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Why are some babies breech?

Lowdon, Gina. AIMS Journal; Buckinghamshire Vol. 10, Iss. 3,  (Oct 31, 1998): 8-9.

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Why are some babies breech?

Sometimes a breech presentation can be explained by the mother's pelvic shape, the position of the placenta or perhaps the position and/or size of a fibroid. Occasionally it may be associated with fetal abnormality. It has been remarked upon that fit, first time mothers with strong stomach muscles may also be predisposed to having breech babies. Most often, however, it is considered to be "simply an error of orientation".(1) Certainly when the subject is reviewed in the medical press the tendency is to look for physiological, biological and neurological reasons for the baby's orientation.(2) Midwife Jean Sutton might put difficult positions down to our modern lifestyle. A baby may get into a breech position early on and because of low slung sobs, bucket seats in cars and lethargic lifestyles and may be unable to find the space to reorient itself in later pregnancy.(3) These may all be relevant but they do not provide a full explanation as to why some banes are breech.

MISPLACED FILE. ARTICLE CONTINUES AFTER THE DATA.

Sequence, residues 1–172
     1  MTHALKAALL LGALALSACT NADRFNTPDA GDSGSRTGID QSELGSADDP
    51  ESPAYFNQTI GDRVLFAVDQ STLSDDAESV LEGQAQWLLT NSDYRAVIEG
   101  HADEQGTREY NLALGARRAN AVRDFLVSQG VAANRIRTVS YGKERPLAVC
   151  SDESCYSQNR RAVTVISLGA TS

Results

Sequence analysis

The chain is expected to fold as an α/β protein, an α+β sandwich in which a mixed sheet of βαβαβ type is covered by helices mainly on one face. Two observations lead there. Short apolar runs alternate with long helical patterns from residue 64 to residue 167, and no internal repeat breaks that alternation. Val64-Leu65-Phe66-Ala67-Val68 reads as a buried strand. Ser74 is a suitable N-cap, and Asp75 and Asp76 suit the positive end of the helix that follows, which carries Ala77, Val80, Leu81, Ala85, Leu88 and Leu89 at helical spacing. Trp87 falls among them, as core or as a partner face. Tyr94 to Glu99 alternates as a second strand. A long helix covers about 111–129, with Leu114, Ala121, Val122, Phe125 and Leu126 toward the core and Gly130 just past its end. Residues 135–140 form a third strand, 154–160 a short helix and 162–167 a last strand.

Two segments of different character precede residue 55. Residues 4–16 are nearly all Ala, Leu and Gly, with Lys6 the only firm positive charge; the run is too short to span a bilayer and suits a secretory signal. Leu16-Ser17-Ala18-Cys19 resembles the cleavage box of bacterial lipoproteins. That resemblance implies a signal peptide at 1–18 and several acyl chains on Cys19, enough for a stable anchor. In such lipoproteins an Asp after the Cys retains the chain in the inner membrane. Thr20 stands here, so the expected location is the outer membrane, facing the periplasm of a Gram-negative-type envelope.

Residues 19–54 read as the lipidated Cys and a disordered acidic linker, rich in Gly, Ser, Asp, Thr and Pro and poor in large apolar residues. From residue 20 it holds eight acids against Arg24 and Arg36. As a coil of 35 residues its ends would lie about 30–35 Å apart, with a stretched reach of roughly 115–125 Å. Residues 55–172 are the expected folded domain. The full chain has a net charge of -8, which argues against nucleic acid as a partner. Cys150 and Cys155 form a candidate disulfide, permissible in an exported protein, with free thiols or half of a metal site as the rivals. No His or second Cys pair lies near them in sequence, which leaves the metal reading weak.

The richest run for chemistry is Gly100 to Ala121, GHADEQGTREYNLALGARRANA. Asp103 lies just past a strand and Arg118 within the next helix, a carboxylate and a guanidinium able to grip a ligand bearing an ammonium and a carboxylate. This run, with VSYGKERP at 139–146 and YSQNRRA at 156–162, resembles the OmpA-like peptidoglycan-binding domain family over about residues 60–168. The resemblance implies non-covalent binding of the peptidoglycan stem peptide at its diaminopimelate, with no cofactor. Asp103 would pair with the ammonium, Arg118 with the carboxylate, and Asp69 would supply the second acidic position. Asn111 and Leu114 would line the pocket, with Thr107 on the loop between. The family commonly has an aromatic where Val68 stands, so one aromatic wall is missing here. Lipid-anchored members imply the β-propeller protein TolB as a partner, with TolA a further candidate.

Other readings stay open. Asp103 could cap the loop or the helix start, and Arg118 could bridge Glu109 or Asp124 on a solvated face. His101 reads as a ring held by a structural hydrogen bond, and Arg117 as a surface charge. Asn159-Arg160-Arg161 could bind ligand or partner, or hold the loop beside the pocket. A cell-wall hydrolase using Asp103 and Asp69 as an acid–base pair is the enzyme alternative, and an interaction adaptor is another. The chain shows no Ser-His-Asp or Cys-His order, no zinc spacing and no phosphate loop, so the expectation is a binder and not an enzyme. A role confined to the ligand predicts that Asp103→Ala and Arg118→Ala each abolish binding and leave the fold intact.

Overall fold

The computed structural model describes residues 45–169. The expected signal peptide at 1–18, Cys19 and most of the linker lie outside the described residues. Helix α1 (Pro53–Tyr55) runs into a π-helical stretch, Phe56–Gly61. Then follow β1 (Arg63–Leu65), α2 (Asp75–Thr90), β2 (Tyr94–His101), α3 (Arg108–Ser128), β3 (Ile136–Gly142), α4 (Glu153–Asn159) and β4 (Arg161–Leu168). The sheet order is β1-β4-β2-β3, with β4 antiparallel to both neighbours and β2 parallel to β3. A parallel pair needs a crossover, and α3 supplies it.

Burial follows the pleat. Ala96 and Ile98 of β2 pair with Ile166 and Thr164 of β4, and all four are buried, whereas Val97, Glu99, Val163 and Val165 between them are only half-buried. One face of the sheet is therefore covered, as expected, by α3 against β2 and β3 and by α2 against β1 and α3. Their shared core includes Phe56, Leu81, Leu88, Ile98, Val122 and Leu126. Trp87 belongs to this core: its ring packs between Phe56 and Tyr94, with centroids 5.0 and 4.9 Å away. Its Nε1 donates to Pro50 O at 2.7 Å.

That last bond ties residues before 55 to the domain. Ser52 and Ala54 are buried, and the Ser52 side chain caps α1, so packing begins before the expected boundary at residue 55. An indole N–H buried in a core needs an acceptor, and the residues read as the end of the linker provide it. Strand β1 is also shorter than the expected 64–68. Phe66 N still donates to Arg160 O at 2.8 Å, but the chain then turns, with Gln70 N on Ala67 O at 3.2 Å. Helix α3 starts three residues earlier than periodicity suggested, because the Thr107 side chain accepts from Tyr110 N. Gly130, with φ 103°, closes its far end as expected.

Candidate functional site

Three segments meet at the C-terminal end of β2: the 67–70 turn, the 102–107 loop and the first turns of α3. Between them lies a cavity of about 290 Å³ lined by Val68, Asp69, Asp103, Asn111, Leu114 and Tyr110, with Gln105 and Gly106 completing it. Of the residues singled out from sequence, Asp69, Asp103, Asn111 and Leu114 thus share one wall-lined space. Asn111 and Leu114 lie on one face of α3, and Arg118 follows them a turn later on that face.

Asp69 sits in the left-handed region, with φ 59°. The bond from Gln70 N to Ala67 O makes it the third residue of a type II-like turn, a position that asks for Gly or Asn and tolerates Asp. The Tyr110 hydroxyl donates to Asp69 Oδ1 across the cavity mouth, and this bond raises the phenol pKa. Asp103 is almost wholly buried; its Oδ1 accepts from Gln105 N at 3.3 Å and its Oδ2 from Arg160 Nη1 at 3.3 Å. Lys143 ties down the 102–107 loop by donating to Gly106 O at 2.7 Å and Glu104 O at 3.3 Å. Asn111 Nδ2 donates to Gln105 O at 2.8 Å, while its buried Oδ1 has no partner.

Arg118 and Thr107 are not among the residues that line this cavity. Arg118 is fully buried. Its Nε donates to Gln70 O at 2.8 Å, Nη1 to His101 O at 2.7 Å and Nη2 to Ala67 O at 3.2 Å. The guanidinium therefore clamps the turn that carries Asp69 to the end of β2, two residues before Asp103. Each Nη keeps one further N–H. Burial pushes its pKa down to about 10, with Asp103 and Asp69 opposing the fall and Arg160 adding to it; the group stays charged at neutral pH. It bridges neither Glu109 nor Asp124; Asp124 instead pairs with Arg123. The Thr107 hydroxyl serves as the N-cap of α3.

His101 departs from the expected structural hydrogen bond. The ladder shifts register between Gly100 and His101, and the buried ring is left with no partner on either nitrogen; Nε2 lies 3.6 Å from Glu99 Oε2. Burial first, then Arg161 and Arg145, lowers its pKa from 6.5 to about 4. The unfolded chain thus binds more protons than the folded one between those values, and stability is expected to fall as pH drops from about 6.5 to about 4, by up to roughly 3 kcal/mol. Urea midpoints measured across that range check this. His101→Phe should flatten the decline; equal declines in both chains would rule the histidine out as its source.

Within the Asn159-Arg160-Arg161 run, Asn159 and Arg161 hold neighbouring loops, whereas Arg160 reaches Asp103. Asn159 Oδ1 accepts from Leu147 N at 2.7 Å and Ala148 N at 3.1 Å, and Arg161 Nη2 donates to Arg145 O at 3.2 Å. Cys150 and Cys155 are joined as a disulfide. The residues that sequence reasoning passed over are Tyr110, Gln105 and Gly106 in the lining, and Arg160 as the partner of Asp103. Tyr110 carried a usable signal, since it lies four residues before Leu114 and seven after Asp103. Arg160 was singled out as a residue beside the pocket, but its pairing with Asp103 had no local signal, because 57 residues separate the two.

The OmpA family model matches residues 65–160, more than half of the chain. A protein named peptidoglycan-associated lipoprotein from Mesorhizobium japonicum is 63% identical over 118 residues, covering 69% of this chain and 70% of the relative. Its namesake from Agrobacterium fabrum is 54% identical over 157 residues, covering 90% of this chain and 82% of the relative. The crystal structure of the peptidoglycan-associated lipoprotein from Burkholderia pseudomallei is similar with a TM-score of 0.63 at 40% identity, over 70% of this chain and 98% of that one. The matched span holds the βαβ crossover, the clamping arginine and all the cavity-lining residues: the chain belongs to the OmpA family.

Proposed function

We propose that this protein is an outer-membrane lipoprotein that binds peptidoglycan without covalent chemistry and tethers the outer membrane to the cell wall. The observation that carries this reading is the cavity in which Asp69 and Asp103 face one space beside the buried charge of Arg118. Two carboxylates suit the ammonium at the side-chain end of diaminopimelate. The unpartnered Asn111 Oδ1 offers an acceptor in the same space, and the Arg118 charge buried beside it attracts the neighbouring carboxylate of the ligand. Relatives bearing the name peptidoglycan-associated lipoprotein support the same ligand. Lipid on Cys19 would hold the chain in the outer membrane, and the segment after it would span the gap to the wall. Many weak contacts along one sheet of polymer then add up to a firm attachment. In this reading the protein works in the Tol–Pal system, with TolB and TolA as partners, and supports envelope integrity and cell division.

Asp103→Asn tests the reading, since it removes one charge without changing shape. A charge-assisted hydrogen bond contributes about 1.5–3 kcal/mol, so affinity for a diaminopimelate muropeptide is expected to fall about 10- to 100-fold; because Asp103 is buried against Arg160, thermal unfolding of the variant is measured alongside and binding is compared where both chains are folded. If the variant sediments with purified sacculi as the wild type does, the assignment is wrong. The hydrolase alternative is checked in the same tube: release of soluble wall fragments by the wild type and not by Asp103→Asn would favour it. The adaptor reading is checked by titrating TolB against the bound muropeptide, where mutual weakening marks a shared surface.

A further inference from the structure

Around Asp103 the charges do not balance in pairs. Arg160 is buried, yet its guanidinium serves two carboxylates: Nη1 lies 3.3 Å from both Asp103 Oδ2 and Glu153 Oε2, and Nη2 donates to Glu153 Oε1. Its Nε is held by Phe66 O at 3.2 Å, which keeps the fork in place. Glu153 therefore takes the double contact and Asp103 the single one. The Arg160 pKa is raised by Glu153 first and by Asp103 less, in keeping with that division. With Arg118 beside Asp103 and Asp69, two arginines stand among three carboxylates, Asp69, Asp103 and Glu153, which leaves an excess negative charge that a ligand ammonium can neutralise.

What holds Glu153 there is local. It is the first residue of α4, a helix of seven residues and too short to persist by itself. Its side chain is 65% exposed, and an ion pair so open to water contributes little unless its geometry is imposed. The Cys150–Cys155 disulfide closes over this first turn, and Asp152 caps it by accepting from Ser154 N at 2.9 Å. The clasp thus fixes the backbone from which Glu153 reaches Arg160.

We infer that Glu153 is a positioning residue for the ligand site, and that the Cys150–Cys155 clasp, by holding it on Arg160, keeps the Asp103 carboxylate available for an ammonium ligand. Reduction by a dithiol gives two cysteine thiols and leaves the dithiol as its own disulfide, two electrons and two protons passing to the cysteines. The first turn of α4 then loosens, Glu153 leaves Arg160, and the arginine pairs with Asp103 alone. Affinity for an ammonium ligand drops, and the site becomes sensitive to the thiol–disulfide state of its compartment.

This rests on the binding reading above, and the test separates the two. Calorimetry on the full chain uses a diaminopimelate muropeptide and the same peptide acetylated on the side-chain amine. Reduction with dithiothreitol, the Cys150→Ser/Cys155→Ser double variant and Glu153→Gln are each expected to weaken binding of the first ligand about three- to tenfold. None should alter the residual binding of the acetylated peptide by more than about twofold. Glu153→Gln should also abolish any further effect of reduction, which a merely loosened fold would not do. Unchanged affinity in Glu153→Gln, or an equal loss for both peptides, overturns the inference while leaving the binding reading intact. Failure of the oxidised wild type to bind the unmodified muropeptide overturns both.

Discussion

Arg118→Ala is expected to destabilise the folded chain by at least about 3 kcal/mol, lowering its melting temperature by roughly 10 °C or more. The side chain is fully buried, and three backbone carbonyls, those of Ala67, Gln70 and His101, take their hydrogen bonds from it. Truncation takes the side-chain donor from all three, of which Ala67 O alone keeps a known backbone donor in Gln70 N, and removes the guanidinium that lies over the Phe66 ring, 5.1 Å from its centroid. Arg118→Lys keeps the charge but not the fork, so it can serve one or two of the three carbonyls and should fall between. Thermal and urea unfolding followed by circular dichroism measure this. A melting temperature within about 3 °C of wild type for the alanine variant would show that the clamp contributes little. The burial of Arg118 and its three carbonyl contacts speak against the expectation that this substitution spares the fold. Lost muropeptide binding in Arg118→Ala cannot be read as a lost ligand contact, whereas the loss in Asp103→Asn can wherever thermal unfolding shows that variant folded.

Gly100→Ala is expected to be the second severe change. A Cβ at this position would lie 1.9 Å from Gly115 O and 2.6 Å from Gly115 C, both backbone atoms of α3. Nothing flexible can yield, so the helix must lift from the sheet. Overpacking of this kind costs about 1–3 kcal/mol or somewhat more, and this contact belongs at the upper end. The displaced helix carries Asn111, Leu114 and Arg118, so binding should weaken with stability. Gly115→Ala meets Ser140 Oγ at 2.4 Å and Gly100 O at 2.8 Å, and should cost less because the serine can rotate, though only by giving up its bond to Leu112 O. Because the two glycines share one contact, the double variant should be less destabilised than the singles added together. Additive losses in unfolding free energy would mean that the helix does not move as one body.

There are also psychological reasons which may account for breech presentation, although they are not widely acknowledged and are considered by many of those who do hear of them to be highly unlikely. This may be because only the mother herself, or perhaps someone very dose to her, will have sufficient depth of understanding of her very individual life situation to be able to relate such general ideas to her personal circumstances.

Lynn Baptisti Richards in her book The VBAC Experience writes the following:

"Whenever a woman has a breech baby we can approach this situation with two different attitudes. We can believe that the breech is a signal that something is wrong that needs to be righted, or that everything is fine and just the way the baby needs to be.